We can also do this when the word following the be verb in the relative clause is an adjective. However, if the only word that follows the be verb in the relative clause is a simple adjective or a past participle, we would need to move it to the normal adjective position, which is before the noun being modified:
Ex: The window that is broken needs to be replaced.
The broken window needs to be replaced. – that is is removed, leaving only the single-word adjective broken. Thus, as a one-word adjective, it now needs to be positioned before the noun it modifies, just as you would do with a regular adjective.
The window, which is broken, needs to be replaced.
The broken window needs to be replaced.
Reducing a relative clause to a phrase does not depend on whether the clause is an identifying one or a modifying one. What is important is that the clause contains a relative pronoun that is also the subject of the clause, and a be verb.
When the relative clause contains an –ing verb + a phrase, or if it contains an –ed verb or irregular verb in the past participle form + a phrase, we can remove the relative pronoun and be verb and keep the participles:
Ex: The company, which was bought out by a larger corporation, is now run by experienced managers.
The company, bought out by a larger corporation, is now run by experienced managers.
The suspect who is being interrogated by the police claims (that) he was nowhere near the crime scene.
The suspect being interrogated by the police claims he was nowhere near the crime scene.
These examples are called participial adjectives because they contain participles (-ing form of a verb, or –ed form of a verb, or irregular form of a verb in p.p.). Present participles are active, and use the -ing form. Past participles are passive and use the –ed or irregular forms of the verb.
Participial phrases will be looked at in more depth in the next section.
Appositives are reduced adjective clauses that are used as phrases to add “extra” information to a sentence, without disturbing its overall flow. They are also commonly used to define a term in the sentence. What this means is that instead of breaking the flow of a sentence by introducing the meaning of a term within it, we can provide that definition as a short “aside” that will allow the reader to understand the meaning of the term without removing him or her from the main idea of the sentence.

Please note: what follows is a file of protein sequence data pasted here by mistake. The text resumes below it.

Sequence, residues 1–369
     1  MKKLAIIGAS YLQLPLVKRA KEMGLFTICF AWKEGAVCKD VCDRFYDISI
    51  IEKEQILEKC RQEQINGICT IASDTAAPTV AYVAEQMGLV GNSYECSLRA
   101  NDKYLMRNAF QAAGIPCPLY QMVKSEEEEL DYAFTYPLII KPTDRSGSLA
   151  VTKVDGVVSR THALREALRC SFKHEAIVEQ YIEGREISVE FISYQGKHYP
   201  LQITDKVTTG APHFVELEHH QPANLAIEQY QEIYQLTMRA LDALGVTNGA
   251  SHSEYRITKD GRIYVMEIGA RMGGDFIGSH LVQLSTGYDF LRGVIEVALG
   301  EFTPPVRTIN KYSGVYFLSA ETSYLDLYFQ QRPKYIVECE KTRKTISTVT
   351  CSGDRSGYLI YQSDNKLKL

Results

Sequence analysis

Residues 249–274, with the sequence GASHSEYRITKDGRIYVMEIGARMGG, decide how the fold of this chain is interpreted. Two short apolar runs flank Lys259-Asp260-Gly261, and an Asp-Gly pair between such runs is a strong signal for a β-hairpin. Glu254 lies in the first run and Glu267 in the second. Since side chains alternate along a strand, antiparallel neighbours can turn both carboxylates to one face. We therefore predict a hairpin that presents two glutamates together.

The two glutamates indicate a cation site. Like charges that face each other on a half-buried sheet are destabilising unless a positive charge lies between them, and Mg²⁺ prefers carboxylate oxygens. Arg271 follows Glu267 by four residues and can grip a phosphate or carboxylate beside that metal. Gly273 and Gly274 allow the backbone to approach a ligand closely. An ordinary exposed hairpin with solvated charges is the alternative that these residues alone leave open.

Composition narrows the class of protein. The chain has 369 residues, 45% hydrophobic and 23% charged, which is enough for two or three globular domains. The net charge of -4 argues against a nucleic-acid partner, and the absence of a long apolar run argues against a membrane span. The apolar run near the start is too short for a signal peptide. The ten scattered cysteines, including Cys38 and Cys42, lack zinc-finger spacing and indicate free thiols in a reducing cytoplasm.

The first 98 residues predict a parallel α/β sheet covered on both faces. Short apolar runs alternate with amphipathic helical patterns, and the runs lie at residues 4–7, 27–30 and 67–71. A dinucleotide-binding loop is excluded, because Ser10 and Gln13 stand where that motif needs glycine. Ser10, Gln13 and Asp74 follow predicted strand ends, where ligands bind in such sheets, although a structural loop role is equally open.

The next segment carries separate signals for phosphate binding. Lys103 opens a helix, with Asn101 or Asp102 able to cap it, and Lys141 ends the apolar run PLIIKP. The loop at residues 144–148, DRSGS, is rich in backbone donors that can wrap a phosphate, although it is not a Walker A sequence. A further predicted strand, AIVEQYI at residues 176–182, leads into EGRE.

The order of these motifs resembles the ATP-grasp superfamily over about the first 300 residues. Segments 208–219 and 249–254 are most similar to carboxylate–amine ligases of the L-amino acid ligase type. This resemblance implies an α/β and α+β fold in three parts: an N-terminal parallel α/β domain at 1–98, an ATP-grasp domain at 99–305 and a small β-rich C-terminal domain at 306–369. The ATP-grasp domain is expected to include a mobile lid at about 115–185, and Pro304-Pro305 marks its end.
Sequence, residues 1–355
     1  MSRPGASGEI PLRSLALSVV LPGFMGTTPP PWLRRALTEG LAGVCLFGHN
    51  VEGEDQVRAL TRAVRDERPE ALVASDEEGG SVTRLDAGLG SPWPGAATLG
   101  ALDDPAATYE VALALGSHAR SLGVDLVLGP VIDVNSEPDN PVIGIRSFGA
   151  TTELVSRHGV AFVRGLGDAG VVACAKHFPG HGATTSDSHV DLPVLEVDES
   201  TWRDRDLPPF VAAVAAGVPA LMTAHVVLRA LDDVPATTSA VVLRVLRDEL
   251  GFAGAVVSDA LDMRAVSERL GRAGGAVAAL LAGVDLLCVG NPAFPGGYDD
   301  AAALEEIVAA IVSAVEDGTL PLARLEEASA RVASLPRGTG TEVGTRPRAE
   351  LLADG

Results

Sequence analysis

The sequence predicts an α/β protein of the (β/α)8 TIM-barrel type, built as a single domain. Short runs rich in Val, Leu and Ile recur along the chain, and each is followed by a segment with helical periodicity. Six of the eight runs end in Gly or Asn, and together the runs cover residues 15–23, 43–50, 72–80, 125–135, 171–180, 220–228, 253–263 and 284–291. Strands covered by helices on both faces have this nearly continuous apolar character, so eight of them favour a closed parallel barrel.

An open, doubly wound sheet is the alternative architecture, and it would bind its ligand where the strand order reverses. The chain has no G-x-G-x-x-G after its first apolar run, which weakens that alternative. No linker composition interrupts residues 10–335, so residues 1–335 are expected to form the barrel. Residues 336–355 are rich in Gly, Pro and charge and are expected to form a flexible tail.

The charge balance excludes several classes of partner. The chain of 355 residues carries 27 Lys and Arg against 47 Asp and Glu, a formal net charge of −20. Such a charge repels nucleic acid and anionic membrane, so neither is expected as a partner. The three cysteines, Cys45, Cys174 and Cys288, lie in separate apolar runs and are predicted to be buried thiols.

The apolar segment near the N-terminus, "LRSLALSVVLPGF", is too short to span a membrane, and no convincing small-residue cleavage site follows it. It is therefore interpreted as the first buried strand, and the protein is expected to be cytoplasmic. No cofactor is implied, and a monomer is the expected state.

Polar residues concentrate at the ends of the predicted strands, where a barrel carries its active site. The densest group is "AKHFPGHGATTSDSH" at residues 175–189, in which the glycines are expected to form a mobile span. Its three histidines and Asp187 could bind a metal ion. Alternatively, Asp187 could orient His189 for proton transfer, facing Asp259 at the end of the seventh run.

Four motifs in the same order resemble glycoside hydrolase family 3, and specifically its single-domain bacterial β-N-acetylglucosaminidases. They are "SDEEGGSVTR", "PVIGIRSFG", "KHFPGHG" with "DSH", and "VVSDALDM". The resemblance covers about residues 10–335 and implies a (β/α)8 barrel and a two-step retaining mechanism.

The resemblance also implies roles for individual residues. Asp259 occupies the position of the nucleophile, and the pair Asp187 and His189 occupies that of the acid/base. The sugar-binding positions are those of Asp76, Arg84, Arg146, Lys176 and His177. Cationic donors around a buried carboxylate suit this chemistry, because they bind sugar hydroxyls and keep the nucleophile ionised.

Keep in mind that an appositive does not identify a noun, but defines it, or expands on it. Appositives look the same as reduced clauses, yet their function is slightly different.
Consider the following:
Ex: AIDS has killed hundreds of thousands of people all across the globe. AIDS stands for acquired immune deficiency syndrome. It is called the “global killer”. AIDS is brought on by the HIV virus, which attacks a person’s central nervous system and degrades it to the point of extreme vulnerability. (49 words)
Now look at the same information provided with the use of appositives:
AIDS, acquired immune deficiency syndrome, or the “global killer”, has killed hundreds of thousands of people all across the globe. It is brought on by the HIV virus, which attacks a person’s central nervous system and degrades it to the point of extreme vulnerability. (44 words)
We have two appositives here, both acting in a similar fashion. The first is the expansion of the AIDS acronym into its individual components. The second is an alternative designation, or a renaming of the same noun. When we begin an appositive with or, we are not reducing a clause but simply providing another way of saying the same thing. The passage is now shorter and tighter and easier for the reader to digest.
It is important to realize that appositives are always placed between commas, regardless if the original adjective clause was an identifying one or a modifying one.
Some more examples of appositives:
Ex: The Make-a-Wish foundation, a non-profit charity that helps terminally ill children realize a favourite dream, is funded solely by donations made by the general public.
Frank’s best man, Will, will meet Frank’s fiancé, Kat, for the first time at the wedding.
Notice that an appositive can be a single word. (…, who is Will,; …, who is Kat,)
Reginald Kenneth Dwight, or Elton John as he is commonly known, became famous with the success of his hit song, “Your Song”.
Rapid eye movement, or REM, is a stage of sleep in which a person’s eyes exhibit rapid and random movements.
One last note: It is quite common to see a reduced clause within another reduced clause:
Ex: October 25th, 1999, the day my little Anna was born, was the happiest day of my life.
Extended: October 25th, 1999, which was the day when/on which my little Anna was born, was the happiest day of my life (adjective clause to modify the specific date, and another to modify the noun day).